5 Steps to Rehabbing Your Work-Related Injury
Going to work is supposed to mean making money that improves your quality of life. However, an injury might take you in the opposite direction. Rehabbing after an injury on the job can be a frustrating process, but there are steps you can follow to make it easier.
5 Steps To Rehabbing Your Injury
Your immediate steps following a work-related injury should be fairly obvious. Execute them as quickly as you can. Be sure you're covered for potential workers' compensation, make sure your supervisor is notified promptly, have your primary care physician look you over, and follow through with your employer.
Once you start rehab, there are usually five steps of work-related injury rehab.
- Protection/Offloading: The first step is protecting your injury from getting any worse. Offloading simply recognizes your body has an inability to use certain parts for a while.
- Protected Reconditioning/Reloading: At some point, a little strain has to be applied to an injured area. This might be an early part of physical rehab. Trust your medical team to decide when and what load will apply.
- Strength Conditioning: The rest of your body isn't injured. Your physical therapist might have you maintain the proper conditioning of the rest of your physique.
- Return to Work: You might not be 100% where you were before your injury before you go back to work. However, once you are mentally and physically prepared enough, you'll get back to your shifts.
- Preventing Another Injury: Unfortunately, suffering any injury increases the chances of it happening again or going through a related injury.
You Might Need To Get A Case Manager
What is Industrial Rehabilitation? Industrial rehabilitation is a specific form of rehab with the singular focus of getting you back to work. If you're unable to work at all due to your injury, then you might not be collecting a paycheck. Personal emergency leave and sick days might cover some of your downtimes, but those can run out before you're ready to start earning a living again.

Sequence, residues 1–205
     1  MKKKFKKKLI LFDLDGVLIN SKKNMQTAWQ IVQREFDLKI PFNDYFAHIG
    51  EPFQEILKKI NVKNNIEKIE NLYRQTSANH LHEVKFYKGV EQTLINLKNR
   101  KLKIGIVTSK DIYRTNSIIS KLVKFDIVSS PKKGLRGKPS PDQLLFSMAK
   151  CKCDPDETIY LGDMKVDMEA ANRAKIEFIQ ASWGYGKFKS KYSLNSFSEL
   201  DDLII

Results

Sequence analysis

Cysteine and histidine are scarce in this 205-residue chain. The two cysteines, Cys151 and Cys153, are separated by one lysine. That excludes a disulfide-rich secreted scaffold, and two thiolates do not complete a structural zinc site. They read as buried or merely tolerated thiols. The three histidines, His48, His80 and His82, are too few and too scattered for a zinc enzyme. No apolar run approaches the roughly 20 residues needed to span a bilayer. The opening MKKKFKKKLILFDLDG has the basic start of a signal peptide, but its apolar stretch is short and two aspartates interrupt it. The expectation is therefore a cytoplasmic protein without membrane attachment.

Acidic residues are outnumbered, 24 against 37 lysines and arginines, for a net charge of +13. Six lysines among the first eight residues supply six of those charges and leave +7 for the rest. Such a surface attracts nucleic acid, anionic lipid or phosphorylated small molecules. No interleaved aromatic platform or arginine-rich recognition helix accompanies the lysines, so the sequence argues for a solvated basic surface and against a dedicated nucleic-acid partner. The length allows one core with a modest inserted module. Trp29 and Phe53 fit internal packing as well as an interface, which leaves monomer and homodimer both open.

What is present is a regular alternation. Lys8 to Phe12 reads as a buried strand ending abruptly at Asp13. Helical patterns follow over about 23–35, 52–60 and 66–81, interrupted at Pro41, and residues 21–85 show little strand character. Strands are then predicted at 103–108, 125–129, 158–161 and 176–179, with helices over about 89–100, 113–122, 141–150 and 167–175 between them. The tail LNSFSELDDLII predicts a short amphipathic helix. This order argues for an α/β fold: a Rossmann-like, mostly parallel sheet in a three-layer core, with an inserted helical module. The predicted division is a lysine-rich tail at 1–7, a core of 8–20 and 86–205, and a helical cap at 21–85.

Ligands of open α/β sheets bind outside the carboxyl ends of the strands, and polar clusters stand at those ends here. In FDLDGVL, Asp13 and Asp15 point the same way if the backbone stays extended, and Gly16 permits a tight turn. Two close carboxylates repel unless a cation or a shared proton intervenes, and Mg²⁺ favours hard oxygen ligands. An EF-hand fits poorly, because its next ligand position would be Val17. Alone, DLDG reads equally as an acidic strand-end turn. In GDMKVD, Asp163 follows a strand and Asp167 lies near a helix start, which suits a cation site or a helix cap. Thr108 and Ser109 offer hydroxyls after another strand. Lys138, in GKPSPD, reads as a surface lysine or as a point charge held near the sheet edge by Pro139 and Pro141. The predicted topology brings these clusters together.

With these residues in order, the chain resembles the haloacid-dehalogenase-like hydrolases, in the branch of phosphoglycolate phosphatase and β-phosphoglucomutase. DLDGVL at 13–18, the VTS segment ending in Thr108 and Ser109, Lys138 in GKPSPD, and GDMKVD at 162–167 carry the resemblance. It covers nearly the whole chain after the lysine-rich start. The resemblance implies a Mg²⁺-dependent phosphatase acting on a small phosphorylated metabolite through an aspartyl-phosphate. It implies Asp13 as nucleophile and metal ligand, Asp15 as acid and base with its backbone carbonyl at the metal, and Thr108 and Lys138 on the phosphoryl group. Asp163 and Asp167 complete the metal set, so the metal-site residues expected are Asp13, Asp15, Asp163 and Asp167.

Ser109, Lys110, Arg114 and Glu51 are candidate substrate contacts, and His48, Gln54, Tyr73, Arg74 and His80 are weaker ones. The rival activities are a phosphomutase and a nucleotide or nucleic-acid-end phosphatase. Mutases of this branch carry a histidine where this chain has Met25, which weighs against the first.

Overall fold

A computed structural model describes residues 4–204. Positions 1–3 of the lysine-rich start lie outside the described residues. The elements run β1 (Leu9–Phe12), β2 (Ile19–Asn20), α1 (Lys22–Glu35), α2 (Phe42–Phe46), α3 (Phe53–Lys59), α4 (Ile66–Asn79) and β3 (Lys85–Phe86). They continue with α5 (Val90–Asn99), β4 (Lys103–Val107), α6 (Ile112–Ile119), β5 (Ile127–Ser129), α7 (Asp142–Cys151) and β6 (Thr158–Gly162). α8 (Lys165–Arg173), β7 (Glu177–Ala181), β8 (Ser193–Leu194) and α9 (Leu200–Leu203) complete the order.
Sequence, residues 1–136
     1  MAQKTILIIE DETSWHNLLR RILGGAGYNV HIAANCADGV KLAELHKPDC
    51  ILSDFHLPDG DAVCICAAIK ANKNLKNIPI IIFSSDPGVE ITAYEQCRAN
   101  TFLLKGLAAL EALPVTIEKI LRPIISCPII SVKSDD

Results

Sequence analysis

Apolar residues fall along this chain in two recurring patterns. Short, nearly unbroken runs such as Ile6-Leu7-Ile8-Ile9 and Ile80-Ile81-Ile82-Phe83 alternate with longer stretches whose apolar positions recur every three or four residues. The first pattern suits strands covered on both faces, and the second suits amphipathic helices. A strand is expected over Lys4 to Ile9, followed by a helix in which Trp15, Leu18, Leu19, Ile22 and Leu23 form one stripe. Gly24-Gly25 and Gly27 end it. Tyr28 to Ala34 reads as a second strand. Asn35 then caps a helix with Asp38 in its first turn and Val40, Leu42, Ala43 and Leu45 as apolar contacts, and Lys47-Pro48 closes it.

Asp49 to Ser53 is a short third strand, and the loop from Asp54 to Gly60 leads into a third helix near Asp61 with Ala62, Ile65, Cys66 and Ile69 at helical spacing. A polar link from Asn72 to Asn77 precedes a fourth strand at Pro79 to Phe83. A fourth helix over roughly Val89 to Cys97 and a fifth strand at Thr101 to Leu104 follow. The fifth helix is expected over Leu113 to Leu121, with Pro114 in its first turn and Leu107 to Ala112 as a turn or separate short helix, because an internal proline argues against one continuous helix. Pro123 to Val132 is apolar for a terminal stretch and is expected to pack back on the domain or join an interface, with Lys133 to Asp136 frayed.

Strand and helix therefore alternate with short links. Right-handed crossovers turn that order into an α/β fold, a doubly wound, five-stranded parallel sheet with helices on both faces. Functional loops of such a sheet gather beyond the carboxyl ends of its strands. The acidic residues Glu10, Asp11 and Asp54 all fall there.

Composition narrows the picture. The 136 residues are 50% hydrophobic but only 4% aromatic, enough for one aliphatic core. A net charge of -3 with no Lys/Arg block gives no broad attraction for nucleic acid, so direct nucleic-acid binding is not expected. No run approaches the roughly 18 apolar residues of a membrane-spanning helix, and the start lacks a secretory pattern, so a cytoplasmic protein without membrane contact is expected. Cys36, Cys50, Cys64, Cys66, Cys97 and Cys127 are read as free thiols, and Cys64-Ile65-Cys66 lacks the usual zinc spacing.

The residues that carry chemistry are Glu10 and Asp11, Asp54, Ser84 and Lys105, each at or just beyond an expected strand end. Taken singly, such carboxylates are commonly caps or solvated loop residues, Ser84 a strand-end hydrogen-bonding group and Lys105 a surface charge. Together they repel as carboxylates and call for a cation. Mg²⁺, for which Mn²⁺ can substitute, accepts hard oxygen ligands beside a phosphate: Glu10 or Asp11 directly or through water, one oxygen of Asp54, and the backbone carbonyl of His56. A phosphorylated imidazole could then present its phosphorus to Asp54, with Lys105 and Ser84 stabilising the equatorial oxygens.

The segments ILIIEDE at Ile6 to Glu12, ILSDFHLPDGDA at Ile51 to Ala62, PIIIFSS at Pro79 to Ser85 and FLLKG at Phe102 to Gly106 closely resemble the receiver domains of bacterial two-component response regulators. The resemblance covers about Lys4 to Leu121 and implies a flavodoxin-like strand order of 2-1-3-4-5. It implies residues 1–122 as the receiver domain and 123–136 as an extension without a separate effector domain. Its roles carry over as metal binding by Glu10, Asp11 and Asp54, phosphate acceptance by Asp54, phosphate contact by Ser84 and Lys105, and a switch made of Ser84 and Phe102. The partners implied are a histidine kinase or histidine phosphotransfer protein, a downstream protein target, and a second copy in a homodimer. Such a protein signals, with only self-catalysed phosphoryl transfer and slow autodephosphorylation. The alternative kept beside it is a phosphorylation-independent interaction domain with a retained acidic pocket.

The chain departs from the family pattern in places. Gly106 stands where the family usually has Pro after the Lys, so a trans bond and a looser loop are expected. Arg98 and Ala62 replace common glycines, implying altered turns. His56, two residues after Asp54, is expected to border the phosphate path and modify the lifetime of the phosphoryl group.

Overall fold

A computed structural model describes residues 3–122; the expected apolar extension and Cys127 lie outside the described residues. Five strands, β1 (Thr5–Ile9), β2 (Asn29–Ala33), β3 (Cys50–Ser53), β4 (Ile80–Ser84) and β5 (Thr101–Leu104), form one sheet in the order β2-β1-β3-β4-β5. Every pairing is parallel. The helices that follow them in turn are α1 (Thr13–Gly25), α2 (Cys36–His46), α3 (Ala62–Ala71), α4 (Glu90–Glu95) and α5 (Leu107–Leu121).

In industrial rehab cases, you might be assigned a case manager. This is a medical professional who monitors every moving part of your personal circumstances. They might treat you personally, but they'll make sure that you have a comprehensive care team that provides you with the best care that you can hope to get. In the best circumstances, you'll get a case manager that you can trust with your concerns and questions. You're most likely to get a case manager if you wind up in a rehabilitation center or hospital.
Bouncing Back From An Injury
NPR has good advice on bouncing back from sports injuries that can also frequently apply to work-related injuries.
- Don't Ignore Your Feelings: You're going to have negative emotions. Acknowledge them, and then let them go.
- Change the Narrative: Changing how you talk to yourself during your recovery can have a documented impact on your recovery time and how fast you get back to work.
- Don't Rush Things: No matter how badly you want to get back to making money, the more you rush the process, the longer it might take because you're risking setbacks.
- Try New Things: A new hobby might pass your time, but you might also develop new skills you can use to advance your career.
- Utilize Your Support Network: Many people who are injured unfortunately find out that not all their friends and family are as supportive as they could be. Some are too busy, and others just won't really be there. Once you know who is, use them when you need to. Know when to ask for help and who you can trust.
Stay Calm, You Will Get Better
A work-related injury usually does more than just interrupt your capacity to work. Many such injuries also impact your ability to enjoy life outside of your job. No matter how slowly it might seem like things are going, do about your rehab properly so you can get your quality of life back right and with minimal risk of injuring yourself again.